LANDFORM REGIONS IN CANADA. Classroom Notes and Descriptions. Landform Regions in Canada. There are eight distinct landforms in Canada: Western Cordillera Region Interior Plains Canadian Shield Hudson Bay Lowlands Great Lakes-St. Lawrence Lowlands Appalachian Region Arctic Lowlands
LANDFORM REGIONS IN CANADA
Classroom Notes and Descriptions
Sometimes the term ‘Landform Region’ is replaced by the term ‘Physiographic Region’
The term ‘cordillera’ means mountain or mountainous. In Canada, the Western
Cordillera region covers most of British Columbia and the Yukon Territory. The great height and rugged appearance of the mountains tell us they are very young. The collision of the North American and the Pacific plates uplifted the region into several mountain ranges.
The mountains and valleys of the Western Cordillera run in a north-south direction. Many people use the term ‘Rocky Mountains’ to describe the Western Cordillera – but, in truth, the Rockies are just a small part of the Western Cordillera.
There are three major divisions of the Western Cordillera. The Rocky Mountains and the Columbia Mountains, along with several other ranges make up the eastern part of the region. The Rocky Mountains are formed of folded and faulted sedimentary rock which contain many fossils. The Columbia range, while also made up of sedimentary rock contains many intrusions of metamorphic rock.
The Rocky Mountains
The central part of the Western Cordillera is called the Interior Plateau. It is a highland region with rugged plateaus divided by deep river valleys. This area is composed of metamorphic and igneous rocks from past volcanic activity. One of the major rivers running through this area is the Fraser River.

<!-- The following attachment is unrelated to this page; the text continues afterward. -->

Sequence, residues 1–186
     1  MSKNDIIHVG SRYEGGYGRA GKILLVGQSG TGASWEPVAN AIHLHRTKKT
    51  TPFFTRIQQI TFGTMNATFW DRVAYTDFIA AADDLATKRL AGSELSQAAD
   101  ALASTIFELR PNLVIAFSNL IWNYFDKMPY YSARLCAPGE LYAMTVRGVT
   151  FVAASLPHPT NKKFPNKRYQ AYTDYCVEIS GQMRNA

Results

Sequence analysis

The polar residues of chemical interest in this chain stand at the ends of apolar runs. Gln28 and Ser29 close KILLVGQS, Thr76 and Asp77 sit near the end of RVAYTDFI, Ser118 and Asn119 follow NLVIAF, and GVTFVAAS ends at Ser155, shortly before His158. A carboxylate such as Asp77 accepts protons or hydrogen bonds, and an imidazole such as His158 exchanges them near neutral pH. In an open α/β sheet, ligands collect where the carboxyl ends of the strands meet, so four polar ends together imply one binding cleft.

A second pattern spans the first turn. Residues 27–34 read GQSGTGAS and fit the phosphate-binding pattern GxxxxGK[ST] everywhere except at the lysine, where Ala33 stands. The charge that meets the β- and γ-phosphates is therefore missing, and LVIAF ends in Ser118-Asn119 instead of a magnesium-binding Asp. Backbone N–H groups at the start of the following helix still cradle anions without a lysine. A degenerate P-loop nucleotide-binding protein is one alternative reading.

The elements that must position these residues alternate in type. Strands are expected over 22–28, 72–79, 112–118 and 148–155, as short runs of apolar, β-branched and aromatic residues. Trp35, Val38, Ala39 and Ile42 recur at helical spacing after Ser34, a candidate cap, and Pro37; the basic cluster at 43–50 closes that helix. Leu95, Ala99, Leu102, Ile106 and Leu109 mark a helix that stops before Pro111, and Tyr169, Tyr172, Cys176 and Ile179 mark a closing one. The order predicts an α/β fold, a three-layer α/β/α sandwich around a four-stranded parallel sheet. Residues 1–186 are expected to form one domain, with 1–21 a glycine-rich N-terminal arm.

The western part of the Western Cordillera is called the Coast Mountains region. It is made of igneous and metamorphic rock and are the direct result of plate tectonics. This is a very active seismic area and contains the highest peaks in Canada. The highest peak is located in the northern part of the Coast Mountains near the border with Alaska. It is called Mount Logan.
Hell’s Gate on the Fraser River
The Interior Plains in Canada are often called the Prairies. This region extends from the US border in the south to the Arctic Ocean in the north. It makes up the southern parts of Manitoba and Saskatchewan, almost all of Alberta and the western part of the Northwest Territories. The Interior Plains are made up of sedimentary rock since long ago this area was covered by shallow seas. Most of the oil and gas in Canada is locate in this region.
Differential erosion has caused the formation of several escarpments resulting in four different levels of elevation on the Prairies. Three of these regions are located in the southern part of the Interior Plains and the other in the north. On the western part of the Interior Plains is the Alberta Plains – including the foothills of the Rockies.
Foothills of Alberta
The Alberta Plain is separated from the Saskatchewan Plain by an escarpment called the Missouri Coteau which runs from the US north almost along the Alberta – Saskatchewan border. The Saskatchewan Plain is very flat and lower in elevation than the Alberta Plain. It is here that we find much of the best farmland in Canada and almost all of our wheat fields.
The eastern part of the Interior Plains is called the Manitoba Lowlands and is separated from the Saskatchewan Plains by the Manitoba Escarpment. The Manitoba Lowlands are very flat and are located in the Southern part of Manitoba – including the several large lakes found there.
The final area of the Interior plains is called the Mackenzie Lowlands and stretches north from Alberta along the Mackenzie Valley to the Arctic Ocean. While the rest of the Interior Plains slope eastward the Mackenzie Lowlands slope toward the north.
Saskatchewan Wheat Fields
The Manitoba Lowlands